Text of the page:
cupcakKe blasted onto the rap scene in 2015 with a YouTube music video that took the world by storm (more on that later). Many saw her hilarious, blunt, and filthy lyrics as a passing fad – as if she didn’t have the talent or range to discuss anything other than sucking dick. But, last week, she proved the naysayers wrong once again, releasing the best album of the year so far; a frank and surprisingly lyrical take on 21st-century sex and relationships, which doesn’t lose sight of the ballsy lyrics that made her an internet star in the first place.
Because of her free-spirited relationship with the female body, resigning cupcakKe to labels like “sex positive” and “body positive” feels redundant, restricting her brave lyrics with buzzwords that are starting to lose their social currency. What’s more, her songs – although in their most polemical turns of phrase do concern themselves most often with sex – cover much more than that. Increasingly, her work has become more introspective, looking inwards into the mind of a person filled with empathy and wisdom. Her songs also tackle tough topics like police brutality (Picking Cotton) and paedophilia (Paedophile).
But that’s not to deny that her sex positivity doesn’t still feel refreshing. It’s not uncommon for female stars who place sex at the foreground of their music to be derided for ‘trying too hard’ (see, Tove Lo), but by taking this to its absolute extreme, beyond the realms of self-consciousness and free-association, cupcakKe emerges as head and shoulders above the rest. Her IDGAF attitude feels authentic, underpinned by a healthy relationship with sex, fun, and pleasure.
Having grown up on the South Side of Chicago in urban poverty and moulding her success online, cupcakKe is the perfect example of how internet culture can amplify marginalised voices. In her early teens, Harris wrote poetry for her local church and was encouraged to turn her words into rap by a fellow church-goer. After her videos went viral, she started making music more frequently and, at just 20 years old, she has already released an impressive collection of mixtapes and three studio albums.
Striking a winning balance between pristine one-liners and a brutal sense of honesty, her
songs are endlessly quotable (“You got me caught up in yo web, you my Spider-Man/Suck Ramen noodles off that dick, that’s my vitamin”) and she imagines a world that’s enough to give any liberal a wet dream.
With her momentum just picking up, cupcakKe is on the cusp of spilling into the mainstream; we expect great things to come in the future. Here are her most iconic moments so far.
This is the infamous video that made cupcakKe an internet star. Speaking to OUT last year, she said: “it was my first freaky, sexual song. I was basically in my room, listening to Khia’s “My Neck My Back,” and I was horny as hell at the time.” The video sees Harris almost topless, with rainbows covering her breasts, as she slurps on a cucumber. Significantly, this song opened the door for later songs such as “Deepthroat” to be produced, setting her off on an impressive career trajectory that doesn’t seem to be slowing down.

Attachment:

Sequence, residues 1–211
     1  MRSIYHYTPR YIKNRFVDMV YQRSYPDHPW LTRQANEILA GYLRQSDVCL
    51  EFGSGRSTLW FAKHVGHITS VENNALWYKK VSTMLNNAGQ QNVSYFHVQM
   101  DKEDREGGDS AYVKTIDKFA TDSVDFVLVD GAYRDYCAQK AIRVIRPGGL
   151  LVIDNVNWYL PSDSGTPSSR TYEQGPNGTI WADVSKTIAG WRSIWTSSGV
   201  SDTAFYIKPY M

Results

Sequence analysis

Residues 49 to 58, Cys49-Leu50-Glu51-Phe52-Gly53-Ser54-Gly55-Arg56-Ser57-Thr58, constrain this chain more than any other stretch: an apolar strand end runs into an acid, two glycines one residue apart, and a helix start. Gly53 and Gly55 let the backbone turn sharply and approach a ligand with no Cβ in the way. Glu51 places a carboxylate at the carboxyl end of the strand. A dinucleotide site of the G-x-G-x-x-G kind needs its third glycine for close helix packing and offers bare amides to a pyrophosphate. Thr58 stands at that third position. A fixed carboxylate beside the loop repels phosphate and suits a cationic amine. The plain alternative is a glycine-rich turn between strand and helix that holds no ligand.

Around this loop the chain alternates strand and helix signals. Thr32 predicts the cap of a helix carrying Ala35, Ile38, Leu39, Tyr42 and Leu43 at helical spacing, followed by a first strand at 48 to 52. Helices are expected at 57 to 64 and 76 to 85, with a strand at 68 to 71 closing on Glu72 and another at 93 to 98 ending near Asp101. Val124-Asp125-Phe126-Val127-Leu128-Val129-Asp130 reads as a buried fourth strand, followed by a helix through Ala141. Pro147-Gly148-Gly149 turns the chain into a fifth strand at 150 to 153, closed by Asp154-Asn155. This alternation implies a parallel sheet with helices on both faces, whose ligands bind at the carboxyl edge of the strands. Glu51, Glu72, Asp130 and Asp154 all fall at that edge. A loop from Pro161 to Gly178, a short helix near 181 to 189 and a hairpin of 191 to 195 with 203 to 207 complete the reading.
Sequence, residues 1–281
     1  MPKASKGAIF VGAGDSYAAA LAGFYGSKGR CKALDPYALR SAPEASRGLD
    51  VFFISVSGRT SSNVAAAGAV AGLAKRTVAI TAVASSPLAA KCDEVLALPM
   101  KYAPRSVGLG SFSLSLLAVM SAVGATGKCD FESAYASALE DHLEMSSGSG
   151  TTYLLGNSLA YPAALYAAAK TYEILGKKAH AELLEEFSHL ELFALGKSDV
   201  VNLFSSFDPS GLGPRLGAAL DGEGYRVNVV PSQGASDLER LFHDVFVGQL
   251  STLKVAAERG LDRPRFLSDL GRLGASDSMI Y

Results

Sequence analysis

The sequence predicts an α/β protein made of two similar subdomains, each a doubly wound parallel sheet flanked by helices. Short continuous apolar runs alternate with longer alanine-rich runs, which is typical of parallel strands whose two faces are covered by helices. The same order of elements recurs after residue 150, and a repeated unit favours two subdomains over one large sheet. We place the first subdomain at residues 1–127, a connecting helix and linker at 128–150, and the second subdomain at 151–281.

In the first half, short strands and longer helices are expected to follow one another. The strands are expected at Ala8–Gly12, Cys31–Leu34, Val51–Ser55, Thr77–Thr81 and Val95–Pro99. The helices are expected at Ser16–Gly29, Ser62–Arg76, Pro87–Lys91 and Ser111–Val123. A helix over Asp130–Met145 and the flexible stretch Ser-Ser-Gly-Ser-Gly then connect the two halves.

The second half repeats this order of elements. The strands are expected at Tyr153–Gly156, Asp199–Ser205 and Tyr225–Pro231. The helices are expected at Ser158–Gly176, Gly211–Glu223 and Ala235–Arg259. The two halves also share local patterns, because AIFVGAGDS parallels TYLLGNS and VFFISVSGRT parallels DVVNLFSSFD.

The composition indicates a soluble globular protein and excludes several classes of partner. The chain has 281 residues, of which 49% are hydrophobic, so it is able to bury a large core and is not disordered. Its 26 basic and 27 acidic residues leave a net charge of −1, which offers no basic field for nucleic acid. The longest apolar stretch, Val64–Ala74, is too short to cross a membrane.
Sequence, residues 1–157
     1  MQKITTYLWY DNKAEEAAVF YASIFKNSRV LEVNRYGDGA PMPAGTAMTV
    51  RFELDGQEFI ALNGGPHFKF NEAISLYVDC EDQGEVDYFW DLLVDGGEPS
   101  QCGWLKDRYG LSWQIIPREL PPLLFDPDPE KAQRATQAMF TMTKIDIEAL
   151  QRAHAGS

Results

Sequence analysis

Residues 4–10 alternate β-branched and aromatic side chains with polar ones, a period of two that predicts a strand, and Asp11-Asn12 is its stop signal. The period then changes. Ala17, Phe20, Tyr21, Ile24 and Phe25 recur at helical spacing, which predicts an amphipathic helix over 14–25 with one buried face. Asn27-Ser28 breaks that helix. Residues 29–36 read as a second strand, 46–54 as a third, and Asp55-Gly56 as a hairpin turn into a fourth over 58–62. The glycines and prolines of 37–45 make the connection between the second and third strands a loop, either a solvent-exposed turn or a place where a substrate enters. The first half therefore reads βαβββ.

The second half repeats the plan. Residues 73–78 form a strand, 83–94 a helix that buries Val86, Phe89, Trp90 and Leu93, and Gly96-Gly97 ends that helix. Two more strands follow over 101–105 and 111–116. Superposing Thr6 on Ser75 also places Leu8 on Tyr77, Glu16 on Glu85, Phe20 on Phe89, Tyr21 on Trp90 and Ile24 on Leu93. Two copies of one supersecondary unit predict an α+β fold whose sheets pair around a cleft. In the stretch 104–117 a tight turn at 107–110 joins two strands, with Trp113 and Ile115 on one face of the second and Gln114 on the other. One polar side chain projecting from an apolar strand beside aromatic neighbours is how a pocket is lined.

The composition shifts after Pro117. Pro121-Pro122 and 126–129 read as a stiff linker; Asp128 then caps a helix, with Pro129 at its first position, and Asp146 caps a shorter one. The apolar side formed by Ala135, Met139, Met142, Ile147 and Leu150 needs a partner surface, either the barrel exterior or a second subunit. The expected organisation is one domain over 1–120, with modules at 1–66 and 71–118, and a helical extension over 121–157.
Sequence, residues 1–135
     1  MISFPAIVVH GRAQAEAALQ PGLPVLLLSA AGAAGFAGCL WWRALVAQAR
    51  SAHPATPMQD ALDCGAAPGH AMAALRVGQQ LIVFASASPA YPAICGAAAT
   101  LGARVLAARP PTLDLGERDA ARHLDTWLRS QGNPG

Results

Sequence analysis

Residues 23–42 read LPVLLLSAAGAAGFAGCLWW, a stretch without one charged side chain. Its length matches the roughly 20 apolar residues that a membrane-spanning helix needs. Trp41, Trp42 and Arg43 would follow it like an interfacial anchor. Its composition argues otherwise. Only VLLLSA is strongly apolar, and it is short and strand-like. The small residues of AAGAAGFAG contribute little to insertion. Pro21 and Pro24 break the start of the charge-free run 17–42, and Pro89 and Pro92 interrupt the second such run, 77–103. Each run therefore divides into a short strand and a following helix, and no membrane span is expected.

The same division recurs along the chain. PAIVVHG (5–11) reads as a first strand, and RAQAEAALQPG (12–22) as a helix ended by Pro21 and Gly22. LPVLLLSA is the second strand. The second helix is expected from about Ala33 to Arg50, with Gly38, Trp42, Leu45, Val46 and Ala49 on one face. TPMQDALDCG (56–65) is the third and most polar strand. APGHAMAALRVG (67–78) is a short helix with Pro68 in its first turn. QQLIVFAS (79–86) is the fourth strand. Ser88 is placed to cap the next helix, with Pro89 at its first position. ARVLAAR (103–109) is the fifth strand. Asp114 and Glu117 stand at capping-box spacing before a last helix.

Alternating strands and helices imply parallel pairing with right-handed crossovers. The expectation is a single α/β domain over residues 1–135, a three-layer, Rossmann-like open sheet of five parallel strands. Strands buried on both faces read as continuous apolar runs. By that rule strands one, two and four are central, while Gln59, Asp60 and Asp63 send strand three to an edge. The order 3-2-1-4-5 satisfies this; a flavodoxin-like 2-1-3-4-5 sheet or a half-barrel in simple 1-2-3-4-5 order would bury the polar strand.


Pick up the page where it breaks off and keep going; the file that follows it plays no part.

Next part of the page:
“LGBT” and “Crayons”
At 20, Harris has already established herself as a queer icon – and that’s largely down to two things: “LGBT” and “Crayons.” These two songs are perfect examples of sincere allyship. Of course, they contain her trademark turns of phrase – such as “His dick might be Tinder but he post it on Grindr” – but they also include more poignant phrases, such as “Ain’t no confusion, everybody human/ Get to know people instead of just assuming.” cupcakKe managed to craft two songs about listening, learning, and embracing queer identity without sounding like a cliché.
At first, “33rd” might sound generic – it’s fuelled by egotism and relentlessly boasts about her successes. But what opens the music video for this track is incredibly striking. Authentic comments from Facebook users trolling the music and labelling her “disgusting”, “garbage”, and “desperate” fly past the screen. The opening line of “Can’t be stopped, I am too damn hot” takes on a whole new context. No longer does it sound like hubris – instead it morphs into a defiant statement in the face of trolling and online abuse, subverting the tradition in hip hop of vanity and turning it into a hopeful message of self-love, without losing its edge. This is the perfect example of cupcakKe’s intelligence and wit.
“Lipgloss” and “I Got It” with Charli XCX
If you didn’t know CupcaKke before, her friendship with Charli XCX blasted her further into the mainstream. Last year, Charli released two mixtapes that helped redefine the landscape of pop. CupcakKe featured on both, recording two ferocious verses on “Lipgloss” and “I Got It”, arguably outshining Charli in the process. It proved to be a match made in heaven, introducing a whole host of new fans to her work.
Last week, cupcakKe released her third studio album, which is no mean feat for a young black woman who came from nothing – and has just barely left her teens. Ephorize is her best offering yet. “Crayons” and lead single “Cartoons” are bold and brilliant, encapsulating her explicit lyrical style and are anchored by increasingly sophisticated production. Pitchfork gave the album an impressive 8.3 out of 10, naming Ephorize ‘Best New Album’, in the process placing her within the same bracket as Beyoncé’s Lemonade and Lorde’s Melodrama. Clearly, cupcakKe has the talent to sit amongst the greats and, with a little more exposure, that certainly isn’t out of her reach.